The Empirics of Financial Stability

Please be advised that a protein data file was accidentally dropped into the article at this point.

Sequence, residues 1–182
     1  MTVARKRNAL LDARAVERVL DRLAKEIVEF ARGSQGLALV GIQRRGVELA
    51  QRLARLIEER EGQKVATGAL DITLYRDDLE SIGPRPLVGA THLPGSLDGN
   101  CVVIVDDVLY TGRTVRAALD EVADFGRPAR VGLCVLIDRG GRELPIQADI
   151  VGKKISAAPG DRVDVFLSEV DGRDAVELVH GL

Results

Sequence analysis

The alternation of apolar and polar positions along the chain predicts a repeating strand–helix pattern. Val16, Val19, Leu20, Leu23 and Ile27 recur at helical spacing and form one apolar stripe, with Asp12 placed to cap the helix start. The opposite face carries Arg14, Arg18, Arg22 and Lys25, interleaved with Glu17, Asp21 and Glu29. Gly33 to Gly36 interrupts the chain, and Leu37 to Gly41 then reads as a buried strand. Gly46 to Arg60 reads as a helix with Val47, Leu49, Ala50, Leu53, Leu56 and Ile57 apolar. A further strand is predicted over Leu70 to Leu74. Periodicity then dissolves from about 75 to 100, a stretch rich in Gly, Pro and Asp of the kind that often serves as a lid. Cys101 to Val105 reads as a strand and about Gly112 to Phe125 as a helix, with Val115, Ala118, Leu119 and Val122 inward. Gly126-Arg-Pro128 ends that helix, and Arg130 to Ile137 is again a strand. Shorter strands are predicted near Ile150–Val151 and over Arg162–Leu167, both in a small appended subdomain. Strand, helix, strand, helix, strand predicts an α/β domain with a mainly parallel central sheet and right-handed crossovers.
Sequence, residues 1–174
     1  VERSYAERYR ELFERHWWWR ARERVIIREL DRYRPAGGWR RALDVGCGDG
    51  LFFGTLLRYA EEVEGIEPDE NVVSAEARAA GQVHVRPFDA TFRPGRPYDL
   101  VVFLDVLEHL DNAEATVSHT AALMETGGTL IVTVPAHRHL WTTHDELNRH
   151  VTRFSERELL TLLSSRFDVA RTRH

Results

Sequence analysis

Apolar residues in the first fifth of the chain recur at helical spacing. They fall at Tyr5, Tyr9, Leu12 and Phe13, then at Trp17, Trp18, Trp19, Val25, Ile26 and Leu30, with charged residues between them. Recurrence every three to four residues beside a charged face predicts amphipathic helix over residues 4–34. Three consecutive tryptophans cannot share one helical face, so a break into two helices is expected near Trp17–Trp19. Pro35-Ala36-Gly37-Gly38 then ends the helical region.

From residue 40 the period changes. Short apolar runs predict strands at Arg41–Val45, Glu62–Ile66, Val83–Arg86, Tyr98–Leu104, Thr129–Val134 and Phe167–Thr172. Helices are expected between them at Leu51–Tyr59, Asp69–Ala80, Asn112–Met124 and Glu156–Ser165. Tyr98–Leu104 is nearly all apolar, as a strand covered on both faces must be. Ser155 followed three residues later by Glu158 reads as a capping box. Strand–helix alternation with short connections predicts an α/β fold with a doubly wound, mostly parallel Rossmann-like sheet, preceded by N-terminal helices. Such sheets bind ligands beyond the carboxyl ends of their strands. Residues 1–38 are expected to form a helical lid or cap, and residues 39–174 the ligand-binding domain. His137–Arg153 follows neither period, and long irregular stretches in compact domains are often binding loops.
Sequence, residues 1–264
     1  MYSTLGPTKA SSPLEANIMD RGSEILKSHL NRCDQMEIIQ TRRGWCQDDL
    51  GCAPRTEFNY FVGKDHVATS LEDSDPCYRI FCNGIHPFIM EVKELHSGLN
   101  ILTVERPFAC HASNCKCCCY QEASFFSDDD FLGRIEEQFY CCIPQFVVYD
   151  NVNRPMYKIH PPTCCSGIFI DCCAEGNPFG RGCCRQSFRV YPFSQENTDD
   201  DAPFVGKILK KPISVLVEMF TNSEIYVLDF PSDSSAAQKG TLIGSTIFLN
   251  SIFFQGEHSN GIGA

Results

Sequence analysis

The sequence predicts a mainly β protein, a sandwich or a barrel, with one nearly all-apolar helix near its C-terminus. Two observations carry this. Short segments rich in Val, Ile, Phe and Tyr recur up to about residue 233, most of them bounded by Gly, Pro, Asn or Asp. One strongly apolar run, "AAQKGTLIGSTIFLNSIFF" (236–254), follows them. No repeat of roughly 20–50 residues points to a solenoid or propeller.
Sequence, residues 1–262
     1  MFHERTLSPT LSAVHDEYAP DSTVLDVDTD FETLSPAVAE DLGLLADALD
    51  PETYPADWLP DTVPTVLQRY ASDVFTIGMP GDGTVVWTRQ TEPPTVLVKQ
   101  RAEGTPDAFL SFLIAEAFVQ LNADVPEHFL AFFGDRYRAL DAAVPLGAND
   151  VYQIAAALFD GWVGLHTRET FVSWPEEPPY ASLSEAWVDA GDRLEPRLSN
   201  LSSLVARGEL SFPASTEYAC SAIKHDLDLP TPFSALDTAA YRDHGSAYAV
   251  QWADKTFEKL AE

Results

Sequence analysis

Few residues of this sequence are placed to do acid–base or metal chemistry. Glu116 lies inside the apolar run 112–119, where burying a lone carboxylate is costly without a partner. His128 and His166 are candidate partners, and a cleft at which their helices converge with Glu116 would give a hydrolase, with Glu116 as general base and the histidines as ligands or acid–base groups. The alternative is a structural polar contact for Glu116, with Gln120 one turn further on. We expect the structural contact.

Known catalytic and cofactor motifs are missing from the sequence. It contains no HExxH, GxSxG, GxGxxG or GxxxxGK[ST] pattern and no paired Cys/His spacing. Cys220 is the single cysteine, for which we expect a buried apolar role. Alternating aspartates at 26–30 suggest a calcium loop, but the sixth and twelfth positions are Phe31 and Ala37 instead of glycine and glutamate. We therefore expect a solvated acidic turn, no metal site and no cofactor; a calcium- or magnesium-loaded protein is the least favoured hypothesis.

The 2007 to 2009 financial crisis and the ongoing European debt crisis forcefully illustrate the severe and prolonged consequences that financial instability entails for the macroeconomy and society at large. The proposed research project uses a number of new data sets to explore testable hypotheses with respect to bank risk taking, interbank market stability, and systemic risk in the run-up to and during the financial crisis. The goal is to better understand the sources, channels, and consequences of frictions in the financial sector for financial (in)stability. Our analysis is structured around the following interrelated themes: A. Bank Compensation and Bank Risk Taking (Harald Hau) B. Interbank Markets (Angelo Ranaldo and Jan Wrampelmeyer) C. Financial Intermediation Frictions and Asset Prices (Norman Schürhoff) D. Systemic Risk and the Real Economy (Loriano Mancini)The research focus is empirical and based on combining various microeconomic data, e.g., on individual banks, bank employees, central banks, and institutional investors. The four research teams seek to use their institutional contacts to the Swiss National Bank, FINMA, BIS, Bundesbank, Federal Re-serve, SEC, and other regulatory entities and data aggregators for the best feasible data access. The common objective is to produce policy relevant research to guide future regulation. The project benefits from topical, methodological, and organizational synergies between the four research teams.